The Future of God’s People
Many are leaving the church in the wake of the world events marking the last few years. I believe this is in part due to the arrogance, lack of love, judgment, and shaming that has resulted in the dehumanizing of “the other” in some supposed state of “righteous anger” where the Christian is called into the battle of “God against the world.” This redefinition of what it means to be a Christ follower has turned many away from the church. I have heard from the mouths of young people, “If that’s what being Christian is I don’t want any part of it.” How about if that isn’t what it means to be a Christ follower? What if we actually followed the way of the Master who said, “My kingdom is not of this world. If My kingdom were of this world, My servants would fight, so that I should not be delivered to the Jews; but now My kingdom is not from here.” (NKJV, John 18:36) We don’t fight with a war of words on Facebook feeds, neither do we compromise THE truth by calling the acceptance of ANY truth compassion. Our kingdom is not from here. We must live like it – with courageous faith and boldness to speak the truth in love, willing to accept the cost of being a true disciple of Jesus. The future of the church demands that we hold the tension between truth and love in the nitty gritty of every day life as we constantly feel the presssure to conform to a way that is against God’s way. We must live completely dependent on God to empower us to rise to the challenge until we see His kingdom come to earth.
What if That Was You?
Last night I was watching the Dodgers play the Brewers in Game 4 of the NLCS. In the late innings of the game, the “closer” is brought out to shut down the opposing team’s attempts to score any final runs. I watched the scene carefully – the look in the eyes of this closer, the sweat dripping from his brow, the way he spun the ball in his hand, the buzzing adrenaline of the crowd, the lights glaring down and the intensity of each pitch as it was released. Then, I laughed inside thinking of how fickle people are. If this man performs to their standard they’ll sing his praises, but if he “chokes” the onslaught of their opinions will commence! It amuses me to think of those same people standing on the mound, crowd swelling around them, heart pounding – how loud would their criticism be if the ball was in their hand?
Yes, I have found a way to spiritualize baseball – my husband would be proud! On a serious note though – the Bible has a lot to say about judgment and criticism. I’m not talking about the light sideline sports commentaries, but the appointing of ourselves as judges over the lives of other people. Back to the baseball game – how many of us imagine what it would be like to walk in the shoes of the people we judge and criticize? What if the decisions fell to me? What if the weight of that responsibility were on me? What if that was my precious daughter strung out on drugs? What if that was my husband that cheated and I was suffering the pain of betrayal? What if I grew up in and out of foster care, rejected by my parents? How would I act as an adult if I never had an example to follow? I’m not justifying the foolish decisions people may make, and I’m not absolving accountability, but how many of us say, “I would never…” – “If that were MY child I would…” – “If it were up to ME, I would…” – see, it’s the same spirit of the sideline critic that has all of the opinions and NONE of the experience!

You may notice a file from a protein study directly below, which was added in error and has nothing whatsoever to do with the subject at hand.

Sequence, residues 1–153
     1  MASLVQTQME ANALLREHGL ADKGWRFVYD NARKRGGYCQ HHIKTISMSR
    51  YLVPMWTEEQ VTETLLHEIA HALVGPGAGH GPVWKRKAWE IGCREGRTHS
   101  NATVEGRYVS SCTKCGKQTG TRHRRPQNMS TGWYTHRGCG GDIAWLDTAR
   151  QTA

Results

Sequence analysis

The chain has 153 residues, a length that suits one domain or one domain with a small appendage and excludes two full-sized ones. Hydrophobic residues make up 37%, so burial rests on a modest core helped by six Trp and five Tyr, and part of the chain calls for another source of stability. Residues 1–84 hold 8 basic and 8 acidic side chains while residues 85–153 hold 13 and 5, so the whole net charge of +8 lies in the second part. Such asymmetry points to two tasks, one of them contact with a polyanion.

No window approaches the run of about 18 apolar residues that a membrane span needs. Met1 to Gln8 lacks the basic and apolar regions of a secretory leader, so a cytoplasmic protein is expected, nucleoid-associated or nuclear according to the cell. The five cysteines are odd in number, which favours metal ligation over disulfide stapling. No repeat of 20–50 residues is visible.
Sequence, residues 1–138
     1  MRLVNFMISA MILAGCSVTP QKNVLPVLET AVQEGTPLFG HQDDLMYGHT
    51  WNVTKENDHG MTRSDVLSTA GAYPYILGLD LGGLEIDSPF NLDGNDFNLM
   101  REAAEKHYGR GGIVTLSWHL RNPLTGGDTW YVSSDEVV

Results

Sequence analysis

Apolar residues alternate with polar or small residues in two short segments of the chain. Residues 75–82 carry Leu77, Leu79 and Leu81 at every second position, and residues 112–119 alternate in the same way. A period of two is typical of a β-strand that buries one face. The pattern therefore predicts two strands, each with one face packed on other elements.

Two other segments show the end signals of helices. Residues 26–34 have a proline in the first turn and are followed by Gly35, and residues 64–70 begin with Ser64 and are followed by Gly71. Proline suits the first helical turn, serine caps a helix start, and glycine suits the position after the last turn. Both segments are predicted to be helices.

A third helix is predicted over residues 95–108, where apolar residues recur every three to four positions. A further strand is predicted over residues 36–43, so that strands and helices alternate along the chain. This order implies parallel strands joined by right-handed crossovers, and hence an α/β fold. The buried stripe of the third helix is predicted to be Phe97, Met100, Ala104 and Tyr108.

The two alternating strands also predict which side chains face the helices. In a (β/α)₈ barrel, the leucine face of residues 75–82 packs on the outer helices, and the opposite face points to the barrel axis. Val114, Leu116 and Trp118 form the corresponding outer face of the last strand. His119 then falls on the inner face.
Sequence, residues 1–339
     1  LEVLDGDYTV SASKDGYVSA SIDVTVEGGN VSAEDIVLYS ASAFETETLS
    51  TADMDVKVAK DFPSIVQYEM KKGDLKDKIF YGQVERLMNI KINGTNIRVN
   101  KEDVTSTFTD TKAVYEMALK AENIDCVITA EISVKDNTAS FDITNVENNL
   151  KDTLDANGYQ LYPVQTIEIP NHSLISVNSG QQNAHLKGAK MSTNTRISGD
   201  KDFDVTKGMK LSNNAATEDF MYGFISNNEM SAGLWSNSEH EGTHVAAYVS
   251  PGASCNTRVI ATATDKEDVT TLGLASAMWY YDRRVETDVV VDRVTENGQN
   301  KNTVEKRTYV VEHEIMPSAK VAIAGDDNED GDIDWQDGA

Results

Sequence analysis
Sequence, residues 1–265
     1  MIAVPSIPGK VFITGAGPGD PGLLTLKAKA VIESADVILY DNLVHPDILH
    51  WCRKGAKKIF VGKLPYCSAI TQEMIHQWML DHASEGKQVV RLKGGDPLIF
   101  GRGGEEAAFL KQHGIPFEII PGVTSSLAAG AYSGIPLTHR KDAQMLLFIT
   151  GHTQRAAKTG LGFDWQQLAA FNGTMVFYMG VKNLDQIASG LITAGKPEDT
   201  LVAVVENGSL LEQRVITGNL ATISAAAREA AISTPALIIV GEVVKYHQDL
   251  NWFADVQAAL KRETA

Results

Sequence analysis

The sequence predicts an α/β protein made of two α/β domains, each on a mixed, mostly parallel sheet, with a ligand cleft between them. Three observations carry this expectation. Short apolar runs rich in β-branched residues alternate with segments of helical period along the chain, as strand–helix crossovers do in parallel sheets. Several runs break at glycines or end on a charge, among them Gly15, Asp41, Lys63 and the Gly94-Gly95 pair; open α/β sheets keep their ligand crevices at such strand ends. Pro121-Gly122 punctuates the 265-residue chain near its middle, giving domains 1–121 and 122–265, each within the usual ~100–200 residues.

Judge Nothing Before the Appointed Time
1 Corinthians 4:5 says, Therefore judge nothing before the appointed time; wait until the Lord comes. He will bring to light what is hidden in darkness and will expose the motives of the heart. At that time each will receive their praise from God. (NIV)
Paul was writing to the church at Corinth and letting them know that he served the Lord and answered to Him. It didn’t matter whether they judged him. In fact, he didn’t even trust his own judgments about himself! He made it a point to communicate that God was the only one qualified to be the judge. Why? He is the only one that knows the real deal! What do I mean by that? Outward appearance IS NOT, I repeat – IS NOT – our basis for judging anything! God sees right through all of the outer facade and into the secret motives of the heart! At the appointed time all of those hidden motives will be brought to light. You know what? A lot of us will be surprised by how different God’s judgments are from ours. We might even be shocked to see some people in heaven (BRO!? YOU made it!) – yeah – he did. What!?!?!
But why do you judge your brother? Or why do you show contempt for your brother? For we shall all stand before the judgment seat of Christ. (NKJV, Romans 14:10)
It’s Not Your Seat!
Notice that the judgment seat belongs to Christ! (I’m preaching to myself too!) What are we doing when we judge? We are saying, “Jesus, step down from that seat. I’m qualified to judge this matter.” Ouch, (I can visualize the cringing faces) – bad move to make right? Here is what makes it even worse: Judge not, that you be not judged. For with what judgment you judge, you will be judged; and with the measure you use, it will be measured back to you. (NKJV, Matthew 7:1-2)